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On the floodplain of the Trent looking north east from the Trent Lane along the line of the former Nottingham road, running from East Stoke to the Hazelford Ferry. On the right is the steep scarp up onto the hilltop, with Stoke Wood on the slopes in the distance.
 
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The steeply sloping ground falling from the hilltop down onto the floodplain fo the Trent.
Assessment

Stoke proved to be the final battle of the Wars of the Roses. Never again would the Tudor monarchy be challenged in the field of battle by a contender for the throne. Though the battle is often treated as of limited significance, because of its proximity in time to the decisive action at Bosworth, in military terms the battle and battlefield offer a number of interesting problems for investigation. There is of course the presence of the German mercenaries in the battle who may have brought new European tactics to the field. The Act of Attainder certainly makes reference to the rebel forces using 'morris (Moorish) pikes'. There are however wider themes. At Stoke it appears that a smaller army choose the ground, standing in an initially defensive location which seems to have been carefully selected.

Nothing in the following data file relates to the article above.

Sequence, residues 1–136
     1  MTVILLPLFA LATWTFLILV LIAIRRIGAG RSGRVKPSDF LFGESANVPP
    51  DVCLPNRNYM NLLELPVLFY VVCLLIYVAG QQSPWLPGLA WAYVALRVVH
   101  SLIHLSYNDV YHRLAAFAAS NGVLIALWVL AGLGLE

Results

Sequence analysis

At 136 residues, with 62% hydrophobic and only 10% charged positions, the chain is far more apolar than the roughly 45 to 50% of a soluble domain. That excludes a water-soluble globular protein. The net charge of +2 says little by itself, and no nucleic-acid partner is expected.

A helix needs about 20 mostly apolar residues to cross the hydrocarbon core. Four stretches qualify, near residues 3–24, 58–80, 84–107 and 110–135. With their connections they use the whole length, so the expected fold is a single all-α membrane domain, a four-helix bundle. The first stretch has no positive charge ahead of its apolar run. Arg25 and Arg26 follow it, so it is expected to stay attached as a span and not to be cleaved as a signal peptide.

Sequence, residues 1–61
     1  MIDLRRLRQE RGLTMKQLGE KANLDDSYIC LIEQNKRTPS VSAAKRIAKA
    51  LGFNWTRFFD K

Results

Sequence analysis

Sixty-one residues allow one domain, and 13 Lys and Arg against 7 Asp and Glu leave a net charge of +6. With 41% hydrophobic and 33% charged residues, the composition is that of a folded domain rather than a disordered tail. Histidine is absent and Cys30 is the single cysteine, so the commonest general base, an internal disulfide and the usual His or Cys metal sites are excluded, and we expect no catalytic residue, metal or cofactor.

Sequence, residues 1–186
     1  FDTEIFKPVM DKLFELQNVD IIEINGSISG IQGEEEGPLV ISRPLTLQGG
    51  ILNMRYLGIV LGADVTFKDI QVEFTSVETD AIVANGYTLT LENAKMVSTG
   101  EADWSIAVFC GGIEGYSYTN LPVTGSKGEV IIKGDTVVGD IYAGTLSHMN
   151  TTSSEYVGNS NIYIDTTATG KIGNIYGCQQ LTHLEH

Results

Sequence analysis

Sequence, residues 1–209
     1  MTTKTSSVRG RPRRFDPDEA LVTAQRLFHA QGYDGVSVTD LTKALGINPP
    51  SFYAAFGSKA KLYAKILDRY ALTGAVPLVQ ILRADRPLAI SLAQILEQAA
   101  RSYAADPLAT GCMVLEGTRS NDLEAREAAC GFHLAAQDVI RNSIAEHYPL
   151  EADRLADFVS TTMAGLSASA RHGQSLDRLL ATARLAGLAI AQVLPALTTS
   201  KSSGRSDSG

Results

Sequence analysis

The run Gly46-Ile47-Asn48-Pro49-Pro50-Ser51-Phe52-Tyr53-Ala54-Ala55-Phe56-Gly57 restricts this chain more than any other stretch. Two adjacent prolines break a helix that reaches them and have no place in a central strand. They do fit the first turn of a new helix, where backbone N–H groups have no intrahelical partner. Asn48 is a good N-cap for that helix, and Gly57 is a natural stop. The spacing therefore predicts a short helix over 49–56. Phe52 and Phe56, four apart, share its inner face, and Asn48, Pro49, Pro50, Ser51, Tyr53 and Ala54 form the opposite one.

In some respects the terrain is similar in effect, if not in the exact composition, with the battlefield at Towton. In both cases an army appears to have attempted to both control the road network and also, but perhaps far more critically, to minimise the immediate tactical opportunities for the enemy. It seems likely that the existence of the Trent valley on one side and a possible marsh or moor on the other, meant that the defensive force could not easily be outflanked. However this can only be hypothesis until the historic terrain of the battlefield and the archaeology of the battle itself are investigated.

 

   
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